Preliminary research presented at the American Heart Association’s Hypertension 2019 Scientific Sessions this week suggests gut bacteria could be an indicator of whether someone with high blood pressure also suffers from depression.
Bruce R. Stevens, PhD, lead author of the study and a professor of medicine and psychiatry at the University of Florida, said in a statement he believes his team identified new forms of high blood pressure during the course of their work, including “depressive hypertension,” “non-depressive hypertension” and “non-hypertensive depression.” The study involved looking at gut bacteria from 105 volunteers.
“People are ‘meta-organisms’ made up of roughly equal numbers of human cells and bacteria,” Stevens said. “Gut bacteria etiology interacts with our bodily physiology and brains, which may steer some people toward developing high blood pressure and depression. In the future, health professionals may target your gut in order to prevent, diagnose and selectively treat different forms of high blood pressure.”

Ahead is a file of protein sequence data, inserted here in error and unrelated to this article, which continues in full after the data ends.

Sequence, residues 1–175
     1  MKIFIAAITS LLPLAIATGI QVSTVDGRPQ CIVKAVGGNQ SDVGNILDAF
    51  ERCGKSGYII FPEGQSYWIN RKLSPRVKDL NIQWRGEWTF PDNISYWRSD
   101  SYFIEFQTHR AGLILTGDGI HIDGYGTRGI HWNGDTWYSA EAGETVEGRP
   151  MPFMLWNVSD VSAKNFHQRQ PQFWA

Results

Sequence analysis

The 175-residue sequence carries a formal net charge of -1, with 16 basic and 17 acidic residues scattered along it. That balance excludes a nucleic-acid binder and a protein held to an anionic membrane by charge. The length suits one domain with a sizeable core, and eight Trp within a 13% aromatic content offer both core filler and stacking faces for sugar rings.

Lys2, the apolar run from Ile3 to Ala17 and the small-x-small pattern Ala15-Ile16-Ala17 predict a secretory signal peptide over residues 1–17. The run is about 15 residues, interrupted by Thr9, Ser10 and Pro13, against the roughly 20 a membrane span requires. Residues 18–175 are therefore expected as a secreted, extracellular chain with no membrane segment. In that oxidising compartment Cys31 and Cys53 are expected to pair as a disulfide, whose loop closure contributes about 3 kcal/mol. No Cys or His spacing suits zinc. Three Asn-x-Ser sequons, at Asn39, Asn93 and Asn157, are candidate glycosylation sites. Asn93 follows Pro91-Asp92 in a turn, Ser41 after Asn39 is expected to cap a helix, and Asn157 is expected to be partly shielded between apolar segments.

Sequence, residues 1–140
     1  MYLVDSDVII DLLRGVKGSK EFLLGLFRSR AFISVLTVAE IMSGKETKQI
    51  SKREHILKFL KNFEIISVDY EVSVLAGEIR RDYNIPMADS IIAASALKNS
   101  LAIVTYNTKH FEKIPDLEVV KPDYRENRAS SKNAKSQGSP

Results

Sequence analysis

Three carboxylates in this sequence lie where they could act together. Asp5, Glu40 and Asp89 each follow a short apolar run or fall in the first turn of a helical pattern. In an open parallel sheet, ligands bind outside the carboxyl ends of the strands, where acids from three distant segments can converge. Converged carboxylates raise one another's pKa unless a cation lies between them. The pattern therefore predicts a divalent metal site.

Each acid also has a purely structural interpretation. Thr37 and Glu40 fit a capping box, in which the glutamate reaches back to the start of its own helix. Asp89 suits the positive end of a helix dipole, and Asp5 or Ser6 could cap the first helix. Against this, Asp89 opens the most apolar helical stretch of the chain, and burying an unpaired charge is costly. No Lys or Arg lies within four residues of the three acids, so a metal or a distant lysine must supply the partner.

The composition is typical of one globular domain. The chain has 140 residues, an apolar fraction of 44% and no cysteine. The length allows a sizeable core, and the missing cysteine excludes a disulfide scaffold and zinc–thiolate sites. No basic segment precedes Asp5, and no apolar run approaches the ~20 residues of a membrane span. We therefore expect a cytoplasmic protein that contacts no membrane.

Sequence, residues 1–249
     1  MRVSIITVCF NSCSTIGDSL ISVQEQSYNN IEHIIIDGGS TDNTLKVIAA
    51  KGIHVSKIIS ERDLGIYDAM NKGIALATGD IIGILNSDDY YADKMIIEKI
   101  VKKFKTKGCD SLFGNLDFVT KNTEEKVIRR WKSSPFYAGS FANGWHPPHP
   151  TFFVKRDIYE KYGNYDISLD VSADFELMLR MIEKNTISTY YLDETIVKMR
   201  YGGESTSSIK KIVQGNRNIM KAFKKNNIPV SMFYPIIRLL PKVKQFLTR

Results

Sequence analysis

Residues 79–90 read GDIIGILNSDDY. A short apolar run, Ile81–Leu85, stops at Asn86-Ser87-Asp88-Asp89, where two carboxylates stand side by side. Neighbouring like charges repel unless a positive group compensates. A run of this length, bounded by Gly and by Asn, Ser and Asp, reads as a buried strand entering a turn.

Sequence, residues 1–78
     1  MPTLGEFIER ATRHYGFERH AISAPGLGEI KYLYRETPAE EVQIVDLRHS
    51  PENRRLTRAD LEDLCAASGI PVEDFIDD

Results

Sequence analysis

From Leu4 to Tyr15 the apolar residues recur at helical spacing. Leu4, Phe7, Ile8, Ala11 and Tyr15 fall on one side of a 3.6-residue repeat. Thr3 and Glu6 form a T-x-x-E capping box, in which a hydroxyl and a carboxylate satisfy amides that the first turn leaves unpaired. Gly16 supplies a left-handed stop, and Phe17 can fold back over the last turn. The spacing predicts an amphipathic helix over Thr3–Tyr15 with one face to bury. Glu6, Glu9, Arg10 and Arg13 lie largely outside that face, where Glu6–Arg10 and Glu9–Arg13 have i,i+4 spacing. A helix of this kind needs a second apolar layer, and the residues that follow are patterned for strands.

Stevens and his colleagues isolated DNA samples from gut bacteria obtained from the stool samples of 105 volunteers, using AI software to analyze the bacteria. Analysis revealed four distinct types of bacterial genes and signature molecules in people with:
- High blood pressure with depression
- High blood pressure without depression
- Depression with healthy blood pressure
- No depression and healthy blood pressure
Stevens said his team’s findings suggest there are differing medical mechanisms of hypertension that correlate with signature molecules produced by gut bacteria. He said this research could grow to uncover novel treatment approaches that could help the 20% of high blood pressure patients with treatment-resistant hypertension.
“We believe we have uncovered new forms of high blood pressure,” he said.